10. James is right. The ATR uses mixed density formats, the first sector is always 128bytes (single density). the system tracks are 512byte sectors, and the rest of the disk can have 256, 512, or `1024 byte sectors, depending on the option you chose during ddinit. No Atari disk image utility is equipped to deal with that, in fact none of the readily available Pea Sea utilities to image disk are equipped to deal with that either. That latter fact is the reason why the fellow created this way to make system disks from downloadable files, it is at present the only way, short of a very special disk image tool like Cryoflux or Greaseweasel, which require special hardware to create and generate disks and disk images. So the fellow has done us a huge favor by making this. He leverages the fact that the Atari by default uses mixed-density media. All double-density Atari disks have three single-density sectors as the first on the disk, whatever the disk format is afterwards, single or double. So an Atari formatted double-density disk is a good starting point for the utility. You could use someone elses' double-density disk, but it would not have a single-density sector at the beginning and so would not be bootable, though CP/M might be able to read the data and run files on the disk, it could not read the boot tracks at IPL. Best, Jeff
  11. It is the better version by far. The formats have changed from the 1982 version, but other things are improved as well. The Diskdef utility is really handy. If you can run any of the files on the disk, like ddsysgen or pip and have it actually WORK, then you are in clover. make some spares. It is really easy to trash a disk with the ATR8000, all you have to do is turn the machine on or off with a disk in the drive with the door closed. Poof. I put a label on my power switch to remind me. Oh, I should mention, this whole formatting the other side of the disk to blank it thing is limited to making the ss/dd boot disk using the CPMBOOT.EXE utility. It is not at all necessary for any other function. It is a special case. Still, now you know how to make a disk, you can make another easily enough. The fellow who came up with this method is a freaking genius and deserves all the laurels we can hang on him. So, to get your system up and running, run CONFIG and answer the questions as they are presented. This will create a system with your system's specific drive configurations. Then write the system to your boot disk. Then reset the ATR8000 and reboot. Next, format some double-sided disks and write the same system tracks to them, using ddsysgen to first read the tracks from your boot disk, then writing them to the new double-sided ones. Now you have bootable double-sided media. You can use PIP to move the files from your single-sided boot to the new double-sided media. Once you are ready, you can boot the double-sided disk. Best, Jeff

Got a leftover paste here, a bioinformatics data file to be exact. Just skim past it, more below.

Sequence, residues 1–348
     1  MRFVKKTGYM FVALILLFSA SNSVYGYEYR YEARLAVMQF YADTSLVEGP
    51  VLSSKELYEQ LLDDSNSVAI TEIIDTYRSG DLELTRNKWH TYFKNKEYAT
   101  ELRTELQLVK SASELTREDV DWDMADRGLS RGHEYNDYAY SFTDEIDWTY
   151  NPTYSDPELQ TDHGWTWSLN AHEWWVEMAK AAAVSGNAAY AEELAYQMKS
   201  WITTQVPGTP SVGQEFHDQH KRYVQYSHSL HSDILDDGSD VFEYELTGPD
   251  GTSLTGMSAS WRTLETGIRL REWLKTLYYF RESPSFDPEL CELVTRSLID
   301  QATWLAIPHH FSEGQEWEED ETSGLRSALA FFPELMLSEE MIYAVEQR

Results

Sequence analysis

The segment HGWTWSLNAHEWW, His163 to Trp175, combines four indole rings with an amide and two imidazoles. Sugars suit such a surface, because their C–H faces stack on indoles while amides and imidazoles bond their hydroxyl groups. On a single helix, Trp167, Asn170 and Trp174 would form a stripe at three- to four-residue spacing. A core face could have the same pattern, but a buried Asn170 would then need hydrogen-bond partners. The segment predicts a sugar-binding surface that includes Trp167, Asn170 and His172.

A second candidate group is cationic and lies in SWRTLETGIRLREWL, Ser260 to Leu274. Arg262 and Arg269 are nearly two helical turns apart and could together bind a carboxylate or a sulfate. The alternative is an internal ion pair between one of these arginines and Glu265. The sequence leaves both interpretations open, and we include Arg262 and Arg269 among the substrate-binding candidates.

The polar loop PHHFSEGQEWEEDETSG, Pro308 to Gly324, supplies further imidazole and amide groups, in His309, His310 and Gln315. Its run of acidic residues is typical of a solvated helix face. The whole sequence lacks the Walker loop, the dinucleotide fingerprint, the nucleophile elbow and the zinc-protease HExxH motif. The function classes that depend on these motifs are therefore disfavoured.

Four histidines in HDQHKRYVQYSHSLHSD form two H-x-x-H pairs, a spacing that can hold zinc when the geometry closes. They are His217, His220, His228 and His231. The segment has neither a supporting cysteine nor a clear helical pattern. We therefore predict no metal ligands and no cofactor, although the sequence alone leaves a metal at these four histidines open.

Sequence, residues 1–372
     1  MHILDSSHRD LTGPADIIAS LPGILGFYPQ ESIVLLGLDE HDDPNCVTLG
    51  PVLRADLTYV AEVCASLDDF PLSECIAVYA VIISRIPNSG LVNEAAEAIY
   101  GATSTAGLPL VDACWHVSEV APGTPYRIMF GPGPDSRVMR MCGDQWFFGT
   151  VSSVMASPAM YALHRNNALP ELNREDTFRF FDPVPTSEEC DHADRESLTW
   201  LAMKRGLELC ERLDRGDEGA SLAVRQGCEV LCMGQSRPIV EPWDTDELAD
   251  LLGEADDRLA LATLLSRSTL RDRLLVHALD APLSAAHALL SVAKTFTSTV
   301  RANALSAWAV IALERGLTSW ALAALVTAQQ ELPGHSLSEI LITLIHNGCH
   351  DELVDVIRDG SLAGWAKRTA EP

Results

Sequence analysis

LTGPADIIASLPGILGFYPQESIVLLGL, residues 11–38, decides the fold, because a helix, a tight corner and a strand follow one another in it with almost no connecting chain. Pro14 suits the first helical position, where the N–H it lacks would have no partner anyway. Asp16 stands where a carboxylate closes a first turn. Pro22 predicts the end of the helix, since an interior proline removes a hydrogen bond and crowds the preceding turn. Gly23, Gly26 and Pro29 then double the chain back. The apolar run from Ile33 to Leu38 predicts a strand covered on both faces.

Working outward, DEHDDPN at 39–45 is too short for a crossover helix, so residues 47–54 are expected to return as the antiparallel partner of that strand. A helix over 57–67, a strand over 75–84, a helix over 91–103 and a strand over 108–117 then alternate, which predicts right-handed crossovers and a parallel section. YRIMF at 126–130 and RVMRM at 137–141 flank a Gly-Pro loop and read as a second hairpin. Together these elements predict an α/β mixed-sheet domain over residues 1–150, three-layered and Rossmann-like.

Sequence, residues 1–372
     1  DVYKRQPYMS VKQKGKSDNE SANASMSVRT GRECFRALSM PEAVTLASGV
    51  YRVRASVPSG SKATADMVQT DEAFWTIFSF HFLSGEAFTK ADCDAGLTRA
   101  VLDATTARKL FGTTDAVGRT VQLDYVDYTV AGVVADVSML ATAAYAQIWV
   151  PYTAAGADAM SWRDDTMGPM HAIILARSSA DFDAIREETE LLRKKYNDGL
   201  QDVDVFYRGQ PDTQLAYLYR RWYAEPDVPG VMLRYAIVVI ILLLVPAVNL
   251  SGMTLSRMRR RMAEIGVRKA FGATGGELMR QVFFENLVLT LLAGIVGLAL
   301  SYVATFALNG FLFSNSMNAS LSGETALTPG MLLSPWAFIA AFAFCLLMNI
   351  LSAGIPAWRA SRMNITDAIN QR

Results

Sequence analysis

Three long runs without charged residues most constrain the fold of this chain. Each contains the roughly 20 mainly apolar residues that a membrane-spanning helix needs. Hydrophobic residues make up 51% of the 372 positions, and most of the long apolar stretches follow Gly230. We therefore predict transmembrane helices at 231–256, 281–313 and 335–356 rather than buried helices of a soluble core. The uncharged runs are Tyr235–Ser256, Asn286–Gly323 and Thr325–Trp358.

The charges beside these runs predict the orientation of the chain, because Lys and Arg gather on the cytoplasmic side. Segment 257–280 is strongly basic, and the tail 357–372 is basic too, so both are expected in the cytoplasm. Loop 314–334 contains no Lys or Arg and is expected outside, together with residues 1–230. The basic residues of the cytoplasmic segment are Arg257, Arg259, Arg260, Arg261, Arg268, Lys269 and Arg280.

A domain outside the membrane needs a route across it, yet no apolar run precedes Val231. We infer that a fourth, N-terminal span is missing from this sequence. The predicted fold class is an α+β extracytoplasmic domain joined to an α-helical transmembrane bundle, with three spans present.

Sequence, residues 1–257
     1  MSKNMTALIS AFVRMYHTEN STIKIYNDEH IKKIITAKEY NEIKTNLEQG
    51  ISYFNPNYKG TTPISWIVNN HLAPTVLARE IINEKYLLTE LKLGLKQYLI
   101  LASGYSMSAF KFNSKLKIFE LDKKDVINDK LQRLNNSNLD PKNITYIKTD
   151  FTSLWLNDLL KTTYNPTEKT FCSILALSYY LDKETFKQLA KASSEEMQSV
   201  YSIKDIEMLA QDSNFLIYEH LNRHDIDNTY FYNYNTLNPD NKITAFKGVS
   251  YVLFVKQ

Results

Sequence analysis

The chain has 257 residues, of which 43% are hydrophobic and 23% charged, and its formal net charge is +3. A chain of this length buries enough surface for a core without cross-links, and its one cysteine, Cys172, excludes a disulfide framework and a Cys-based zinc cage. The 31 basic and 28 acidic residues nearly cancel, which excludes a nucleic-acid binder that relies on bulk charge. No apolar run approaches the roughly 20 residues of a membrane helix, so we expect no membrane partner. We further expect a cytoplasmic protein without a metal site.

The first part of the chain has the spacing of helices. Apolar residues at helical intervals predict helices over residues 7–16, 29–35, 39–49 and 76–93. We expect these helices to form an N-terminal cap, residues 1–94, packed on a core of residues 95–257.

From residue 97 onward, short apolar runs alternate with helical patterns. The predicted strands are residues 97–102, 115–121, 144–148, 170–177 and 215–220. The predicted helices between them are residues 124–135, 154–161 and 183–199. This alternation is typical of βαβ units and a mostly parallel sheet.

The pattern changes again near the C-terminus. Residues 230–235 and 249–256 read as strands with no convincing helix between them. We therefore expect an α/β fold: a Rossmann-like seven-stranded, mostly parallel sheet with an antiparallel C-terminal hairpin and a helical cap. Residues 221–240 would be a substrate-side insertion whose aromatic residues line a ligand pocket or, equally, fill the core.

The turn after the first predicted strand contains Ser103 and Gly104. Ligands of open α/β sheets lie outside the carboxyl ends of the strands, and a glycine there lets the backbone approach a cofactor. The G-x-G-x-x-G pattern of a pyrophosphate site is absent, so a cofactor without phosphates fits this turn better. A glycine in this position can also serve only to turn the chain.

12. Ok, This disk is for sure formatted single-sided and the other side is either blank from the factory or has been blanked by being formatted single-sided as well? Double-density (256byte sectors), 40 tracks, Single-sided. Your movies work great. Jeff
  13. You are right. It should be booting. I'm guessing that C you are seeing is part of the first string that is printed on CP/M boot. CP/M v2.2 ........... Jeff